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Comment Lesser of two evils.. (Score 2, Interesting) 344

Full disclosure: I work for a company that uses these types of ads.

We use Akamai to serve up these kinds of ads. Believe it or not, most internet traffic goes through Akamai at some point, so when they decide to cookie you, they can find you just about anywhere. From the advertiser's point of view, it makes sense. Only between 2% and 5% of visits result in sales. So, by hitting you with these ads, they're trying to get a second chance at that business.

But if the question whether is whether I'd rather see an ad for some random diet that doesn't work, or some other scam, or to see an ad for a website that I willingly chose to go to, I'll take the latter any day.

As for the particular case of that woman and the pair of shoes, I wouldn't advertise for a particular pair of shoes, but then again, being a shoe company, they may have a better insight into the shopping mind of a woman.

Just be glad that these ads are being served up based on some fact. The fact that you visited that site previously. I think that's better than them trying to build a profile of me based on sites I've visited, and then trying to sell me running gear or viagra.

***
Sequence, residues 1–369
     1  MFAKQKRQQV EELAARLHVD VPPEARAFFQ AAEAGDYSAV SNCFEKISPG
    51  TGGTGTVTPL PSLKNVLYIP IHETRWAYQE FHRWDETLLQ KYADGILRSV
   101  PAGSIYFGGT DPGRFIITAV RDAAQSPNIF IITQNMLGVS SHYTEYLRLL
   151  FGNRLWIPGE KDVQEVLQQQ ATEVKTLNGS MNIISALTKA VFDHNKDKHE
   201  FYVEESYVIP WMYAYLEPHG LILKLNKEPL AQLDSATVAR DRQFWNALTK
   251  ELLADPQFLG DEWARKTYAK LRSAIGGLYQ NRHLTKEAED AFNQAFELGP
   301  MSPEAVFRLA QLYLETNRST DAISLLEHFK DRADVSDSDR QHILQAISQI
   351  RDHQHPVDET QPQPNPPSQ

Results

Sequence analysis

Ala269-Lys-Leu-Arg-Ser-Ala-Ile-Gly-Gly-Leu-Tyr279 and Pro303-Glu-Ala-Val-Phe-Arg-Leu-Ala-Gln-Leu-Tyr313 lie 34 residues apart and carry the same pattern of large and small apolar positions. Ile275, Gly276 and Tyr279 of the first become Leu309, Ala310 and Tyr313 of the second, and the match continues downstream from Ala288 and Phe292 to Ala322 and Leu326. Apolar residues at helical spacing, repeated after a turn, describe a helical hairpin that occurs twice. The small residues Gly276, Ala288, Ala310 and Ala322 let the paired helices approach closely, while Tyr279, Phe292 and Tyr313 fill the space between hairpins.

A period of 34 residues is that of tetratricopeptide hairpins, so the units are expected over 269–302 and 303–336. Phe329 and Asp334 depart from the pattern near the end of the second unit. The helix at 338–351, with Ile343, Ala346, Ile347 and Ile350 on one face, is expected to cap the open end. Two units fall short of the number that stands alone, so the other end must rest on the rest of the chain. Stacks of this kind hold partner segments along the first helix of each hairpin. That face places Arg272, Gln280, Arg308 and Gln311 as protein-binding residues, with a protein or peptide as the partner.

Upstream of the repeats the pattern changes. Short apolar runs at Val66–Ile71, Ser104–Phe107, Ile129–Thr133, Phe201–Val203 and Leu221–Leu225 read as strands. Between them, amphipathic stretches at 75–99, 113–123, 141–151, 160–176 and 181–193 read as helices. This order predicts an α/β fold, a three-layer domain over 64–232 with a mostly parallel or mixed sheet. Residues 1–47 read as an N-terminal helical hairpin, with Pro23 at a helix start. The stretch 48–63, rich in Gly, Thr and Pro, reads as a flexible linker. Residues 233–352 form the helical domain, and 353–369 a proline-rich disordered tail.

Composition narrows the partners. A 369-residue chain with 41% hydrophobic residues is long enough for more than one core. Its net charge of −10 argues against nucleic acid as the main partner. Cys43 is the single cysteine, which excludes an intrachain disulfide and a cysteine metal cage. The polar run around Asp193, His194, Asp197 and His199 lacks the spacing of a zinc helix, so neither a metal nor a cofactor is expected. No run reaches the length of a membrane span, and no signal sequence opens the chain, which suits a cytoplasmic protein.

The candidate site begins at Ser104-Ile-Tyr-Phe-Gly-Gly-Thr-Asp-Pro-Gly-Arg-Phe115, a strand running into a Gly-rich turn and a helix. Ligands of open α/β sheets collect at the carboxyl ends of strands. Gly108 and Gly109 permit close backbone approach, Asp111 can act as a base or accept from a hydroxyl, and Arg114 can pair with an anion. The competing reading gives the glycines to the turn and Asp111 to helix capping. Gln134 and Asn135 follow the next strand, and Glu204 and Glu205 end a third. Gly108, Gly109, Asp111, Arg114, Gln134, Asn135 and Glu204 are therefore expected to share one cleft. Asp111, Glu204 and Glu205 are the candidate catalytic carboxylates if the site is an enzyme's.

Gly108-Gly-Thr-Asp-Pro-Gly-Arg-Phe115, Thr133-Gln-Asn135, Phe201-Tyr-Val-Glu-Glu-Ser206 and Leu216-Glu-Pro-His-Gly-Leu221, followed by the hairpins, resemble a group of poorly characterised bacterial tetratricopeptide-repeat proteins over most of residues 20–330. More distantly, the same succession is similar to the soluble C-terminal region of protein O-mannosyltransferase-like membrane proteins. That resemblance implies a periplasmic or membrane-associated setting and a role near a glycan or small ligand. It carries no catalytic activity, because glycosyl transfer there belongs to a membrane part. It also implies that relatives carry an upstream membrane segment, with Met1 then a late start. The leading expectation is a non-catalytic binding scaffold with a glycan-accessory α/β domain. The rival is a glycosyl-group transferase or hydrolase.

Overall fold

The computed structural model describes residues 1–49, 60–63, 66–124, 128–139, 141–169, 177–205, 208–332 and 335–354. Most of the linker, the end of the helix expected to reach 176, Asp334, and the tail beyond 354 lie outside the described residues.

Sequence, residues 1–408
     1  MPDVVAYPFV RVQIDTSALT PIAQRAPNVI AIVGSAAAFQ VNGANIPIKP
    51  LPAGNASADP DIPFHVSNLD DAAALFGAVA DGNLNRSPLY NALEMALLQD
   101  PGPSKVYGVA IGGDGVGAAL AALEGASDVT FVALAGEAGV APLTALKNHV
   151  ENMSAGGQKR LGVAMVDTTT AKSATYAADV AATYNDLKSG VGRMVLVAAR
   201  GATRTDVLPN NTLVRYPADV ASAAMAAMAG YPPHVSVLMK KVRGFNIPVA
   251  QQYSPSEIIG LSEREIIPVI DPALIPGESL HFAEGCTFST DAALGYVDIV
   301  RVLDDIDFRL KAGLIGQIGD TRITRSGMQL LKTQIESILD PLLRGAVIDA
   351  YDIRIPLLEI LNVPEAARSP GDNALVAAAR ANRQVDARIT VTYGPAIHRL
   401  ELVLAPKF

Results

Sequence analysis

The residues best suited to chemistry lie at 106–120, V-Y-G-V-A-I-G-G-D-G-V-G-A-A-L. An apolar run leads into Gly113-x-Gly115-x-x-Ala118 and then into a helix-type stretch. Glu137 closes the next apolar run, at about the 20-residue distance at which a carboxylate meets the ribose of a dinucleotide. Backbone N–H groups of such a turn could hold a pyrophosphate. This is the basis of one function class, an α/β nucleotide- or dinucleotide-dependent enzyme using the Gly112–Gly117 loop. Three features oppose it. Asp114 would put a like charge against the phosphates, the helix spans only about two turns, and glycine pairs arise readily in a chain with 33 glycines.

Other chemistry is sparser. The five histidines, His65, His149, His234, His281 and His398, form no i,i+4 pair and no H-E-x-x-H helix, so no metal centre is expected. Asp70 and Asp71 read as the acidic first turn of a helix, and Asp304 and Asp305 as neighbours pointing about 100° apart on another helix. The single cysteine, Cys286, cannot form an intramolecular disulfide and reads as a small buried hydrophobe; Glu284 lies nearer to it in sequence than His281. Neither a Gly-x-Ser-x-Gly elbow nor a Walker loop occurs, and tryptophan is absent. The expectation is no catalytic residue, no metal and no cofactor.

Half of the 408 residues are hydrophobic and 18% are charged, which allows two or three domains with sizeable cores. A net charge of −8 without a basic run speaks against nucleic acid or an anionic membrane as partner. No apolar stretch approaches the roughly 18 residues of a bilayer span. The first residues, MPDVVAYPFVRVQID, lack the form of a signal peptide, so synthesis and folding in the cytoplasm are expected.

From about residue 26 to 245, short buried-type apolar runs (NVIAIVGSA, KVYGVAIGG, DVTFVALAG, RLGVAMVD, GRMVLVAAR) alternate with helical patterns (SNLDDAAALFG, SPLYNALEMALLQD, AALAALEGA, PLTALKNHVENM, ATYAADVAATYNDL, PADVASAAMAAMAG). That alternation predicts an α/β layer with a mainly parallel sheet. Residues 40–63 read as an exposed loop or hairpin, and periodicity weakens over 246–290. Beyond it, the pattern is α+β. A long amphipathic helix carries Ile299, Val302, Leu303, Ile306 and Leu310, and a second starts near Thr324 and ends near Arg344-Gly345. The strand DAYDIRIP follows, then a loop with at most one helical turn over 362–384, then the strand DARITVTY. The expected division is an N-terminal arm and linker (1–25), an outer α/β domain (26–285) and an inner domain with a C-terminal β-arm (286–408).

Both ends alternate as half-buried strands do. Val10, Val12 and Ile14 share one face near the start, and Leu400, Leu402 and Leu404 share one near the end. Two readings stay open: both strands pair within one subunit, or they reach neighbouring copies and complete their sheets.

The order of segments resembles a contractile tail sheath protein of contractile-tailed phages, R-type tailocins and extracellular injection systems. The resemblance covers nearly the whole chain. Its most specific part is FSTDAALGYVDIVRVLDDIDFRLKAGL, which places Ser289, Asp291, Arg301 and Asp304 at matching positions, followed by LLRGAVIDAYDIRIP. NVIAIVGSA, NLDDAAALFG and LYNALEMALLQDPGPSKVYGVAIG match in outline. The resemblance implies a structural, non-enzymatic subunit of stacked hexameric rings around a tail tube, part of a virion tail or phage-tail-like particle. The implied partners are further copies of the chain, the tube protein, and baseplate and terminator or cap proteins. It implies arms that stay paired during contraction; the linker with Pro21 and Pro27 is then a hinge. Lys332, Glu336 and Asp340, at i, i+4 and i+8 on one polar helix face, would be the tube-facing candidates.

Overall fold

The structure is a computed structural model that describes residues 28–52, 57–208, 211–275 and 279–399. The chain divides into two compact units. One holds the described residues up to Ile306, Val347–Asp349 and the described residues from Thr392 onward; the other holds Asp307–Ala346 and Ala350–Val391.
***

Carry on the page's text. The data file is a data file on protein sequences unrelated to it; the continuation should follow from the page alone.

Comment Youngest? (Score 4, Insightful) 711

simply for being the youngest and therefore least mature in their classes.

A million misdiagnosed just because they're younger? Wait until they start looking into how many kids are misdiagnosed because they're too smart and not being challenged by our schools that are set up to cater to the lowest common denominator.

I was misdiagnosed with ADD as a kid. Turns out, I was just bored out of my fucking skull. Second, third, and fourth grades were the hardest for me because the material should have been covered in one year, not three. Some schools have realized this and starting pulling the smart kids out of 'general population' and putting them in their own curriculum track which is much more challenging.

That's what they should look into


Comment Re:Google Chrome Frame (Score 1) 483

This point arrived roughly eleven months ago..

I'm going to have to disagree with this, caveats aside. Whether or not you can assume your web users have HTML5 and CSS3 depends on your website's specific traffic. For example, I work for a fairly popular e-commerce store. We averaged in excess of 100k+ visits a day in the past month. 20.1% of that traffic was using IE7 or IE6, and 5.2% of our traffic was specifically IE6. That's over half a million visits in the past month from users running IE6 or IE7. Can we assume that our users have HTML5 and CSS3? Only if we can tell them to fuck off and that we really don't want their money. IE6 and IE7 will have to be less than 1% combined of our traffic before we can start using HTML5 and CSS3, in our individual case.